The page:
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How to do a Self-Assessment tax return

Always liked the idea of being your own boss? Working for yourself is great and there is potential for big money. However, with this level of flexibility, there is more responsibility on your shoulders to take care of your taxes – and that means submitting your self-assessment tax return.

Don’t get us wrong, this can sound very daunting – especially if you’re a new startup and don’t know how to do a self-assessment tax return. But, with a little organisation and some assistance from the experts at Eve Accountants, it’s actually much simpler than it seems.

Here we explain what a self-assessment tax return is and outline exactly what you need to do to complete yours.

What is a self-assessment tax return?

A self-assessment tax return is HMRC’s way of finding out how much income tax and National Insurance a self-employed person needs to pay.

Whilst employed workers typically have tax deducted by their employer before they receive their monthly wage – through a Pay As You Earn (PAYE) scheme – the self-assessment is intended for those who receive an income that isn’t automatically taxed when it is paid.

If any of the following criteria applies to you, you will need to complete a self-assessment:

  • You are a director of a company
  • You have received income from land or property in the UK
  • You have capital gains tax to pay
  • You have received taxable foreign income from a trust or settlement
  • Your annual income exceeds £100,000
  • You are a higher rate taxpayer and receive £2,500 or more from untaxed savings and investments
  • Your income is over £50,000 and you or your partner have received child benefit payments

How to file a self-assessment tax return

Contrary to popular belief, filing a self-assessment tax return isn’t too difficult to do. You can either complete the form online or on paper – providing details on all of your income and expenses for the previous tax year.

If you’re filing the tax return for the first time, you will need to register with the HMRC. You will then be issued with a Unique Tax Reference (UTR) number which you will need to have handy when filling out the form.

If you’re filing the self-assessment tax return online, the next step is to set up a Government Gateway account. You should find instructions on how to do this within the letter that contains your UTR number and, after setting it up, you will receive an activation code in the post. Please note, this bit could take up to 20 days, so you don’t want to leave it to the last minute!

Before you sit down and start the tax return, it’s worth making sure you have all the required information in front of you so you can fill in the form correctly. This includes:

  • 10 digit UTR
  • National Insurance number
  • Details of your income from self-employment – including bank statements, dividends, interest on shares etc.
  • Details of any business expenses
  • Details of any pension or charitable contributions that may be eligible for tax relief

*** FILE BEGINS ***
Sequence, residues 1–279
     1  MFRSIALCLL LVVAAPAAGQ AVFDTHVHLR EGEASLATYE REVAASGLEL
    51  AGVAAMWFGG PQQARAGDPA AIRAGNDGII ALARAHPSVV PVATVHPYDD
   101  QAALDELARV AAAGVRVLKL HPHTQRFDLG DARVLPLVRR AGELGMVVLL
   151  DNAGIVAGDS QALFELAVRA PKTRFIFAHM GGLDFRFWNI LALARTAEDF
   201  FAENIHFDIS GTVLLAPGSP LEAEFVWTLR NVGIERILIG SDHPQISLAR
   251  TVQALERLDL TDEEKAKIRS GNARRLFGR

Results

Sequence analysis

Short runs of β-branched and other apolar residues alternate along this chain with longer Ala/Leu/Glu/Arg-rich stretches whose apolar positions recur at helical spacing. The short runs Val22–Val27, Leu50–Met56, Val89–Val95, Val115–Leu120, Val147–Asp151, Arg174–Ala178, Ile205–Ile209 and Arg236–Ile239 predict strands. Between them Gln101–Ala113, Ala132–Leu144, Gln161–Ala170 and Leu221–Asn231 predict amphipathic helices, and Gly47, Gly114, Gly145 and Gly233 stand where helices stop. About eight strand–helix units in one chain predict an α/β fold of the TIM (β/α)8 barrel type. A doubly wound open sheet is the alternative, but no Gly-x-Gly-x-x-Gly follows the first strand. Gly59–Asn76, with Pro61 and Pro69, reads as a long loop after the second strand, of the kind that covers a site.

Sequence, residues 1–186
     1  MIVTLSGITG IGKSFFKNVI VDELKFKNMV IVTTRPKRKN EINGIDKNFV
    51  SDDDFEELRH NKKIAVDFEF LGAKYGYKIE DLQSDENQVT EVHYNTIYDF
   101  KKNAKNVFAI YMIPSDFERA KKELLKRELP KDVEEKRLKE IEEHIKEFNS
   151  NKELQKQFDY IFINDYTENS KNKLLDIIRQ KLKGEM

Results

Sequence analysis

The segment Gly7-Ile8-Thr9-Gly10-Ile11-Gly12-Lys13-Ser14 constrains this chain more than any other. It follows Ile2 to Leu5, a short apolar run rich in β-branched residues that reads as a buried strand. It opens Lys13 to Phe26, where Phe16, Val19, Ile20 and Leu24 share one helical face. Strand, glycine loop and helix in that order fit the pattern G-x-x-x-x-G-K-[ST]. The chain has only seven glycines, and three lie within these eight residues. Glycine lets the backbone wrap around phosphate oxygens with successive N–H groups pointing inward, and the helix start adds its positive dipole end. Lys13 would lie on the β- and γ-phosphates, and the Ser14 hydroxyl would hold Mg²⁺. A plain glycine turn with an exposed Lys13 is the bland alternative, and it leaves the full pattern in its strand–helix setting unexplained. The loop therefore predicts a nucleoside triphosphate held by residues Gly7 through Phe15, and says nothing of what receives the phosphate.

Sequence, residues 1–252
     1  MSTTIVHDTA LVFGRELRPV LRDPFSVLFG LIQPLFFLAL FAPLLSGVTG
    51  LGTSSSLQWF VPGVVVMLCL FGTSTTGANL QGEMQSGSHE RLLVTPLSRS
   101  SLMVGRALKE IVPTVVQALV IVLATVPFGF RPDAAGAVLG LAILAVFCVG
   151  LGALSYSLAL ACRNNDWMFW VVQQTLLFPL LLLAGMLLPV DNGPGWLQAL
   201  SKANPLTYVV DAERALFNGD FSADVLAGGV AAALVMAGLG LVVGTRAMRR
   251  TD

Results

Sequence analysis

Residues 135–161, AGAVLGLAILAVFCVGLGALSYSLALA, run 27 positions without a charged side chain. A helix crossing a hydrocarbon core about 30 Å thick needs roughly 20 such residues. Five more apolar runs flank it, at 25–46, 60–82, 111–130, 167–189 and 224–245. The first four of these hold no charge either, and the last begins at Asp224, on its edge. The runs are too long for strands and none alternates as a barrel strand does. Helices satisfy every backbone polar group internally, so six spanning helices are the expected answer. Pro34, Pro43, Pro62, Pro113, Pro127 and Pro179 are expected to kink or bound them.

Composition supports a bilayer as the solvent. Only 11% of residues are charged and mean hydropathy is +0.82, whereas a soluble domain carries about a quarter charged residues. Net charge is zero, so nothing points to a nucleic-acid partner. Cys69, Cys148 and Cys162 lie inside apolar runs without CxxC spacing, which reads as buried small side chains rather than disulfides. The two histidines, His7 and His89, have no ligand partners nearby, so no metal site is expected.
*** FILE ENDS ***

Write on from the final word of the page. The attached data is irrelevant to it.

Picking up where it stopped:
If you earn an income through employment, you will also need to have a P60 from your employer showing what you earn and how much tax you have paid already, a P9D or P1D which outlines any benefits or expenses you received, and a P45 if you have left a job during the tax year.

Having all the necessary documents within easy reach will make the process of filing a self-assessment tax return straightforward and save you a lot of time. This leads us nicely on to the next point.

How long does a self-assessment tax return take?

Regardless of how much you know about tax, doing your self-assessment tax return can often take longer than you think.

There are two sections to a self-assessment:

  • SA100 – deals with taxed an untaxed income in the form of dividends and interest, pension contributions, charitable donations and benefits.
  • Supplementary pages – declaration of extra income from self-employment, property or capital gains that you haven’t paid tax on.

Some people can whizz through the process in as little as an hour, but it takes the average person 2.5 hours to complete a tax return – ensuring that all the information is inputted accurately. It can take others even longer still.

As mentioned above, a great way to speed the process up is to gather all the documents you need before you start. It saves rooting around for something when completing the main income section (SA100) and the supplementary tax return pages.

Once you have completed the tax return and submitted it, you’ll receive a bill from HMRC if you owe any tax. It can take up to 72 hours for the tax calculation to show up in your account and you will need to pay the bill by 31 January – which you can do so via bank transfer, debit card, direct debit, cheque or over the phone.

Start your self-assessment tax return today

If you’re a new startup business or you simply don’t have the time to file your self-assessment tax return, we can help.

For just £150, we can make sure that your tax return is submitted correctly and on time. This way, you needn’t worry about being hit with an initial £100 penalty for failing to submit your return. After all, if your return hasn’t been received three months after the deadline, you will be charged £10 for each day and the costs will only increase the longer you leave it!

If you’re not sure whether you need to file a self-assessment, you can either use HMRC’s online checker or give us a call on 01204 891136, and we will advise you.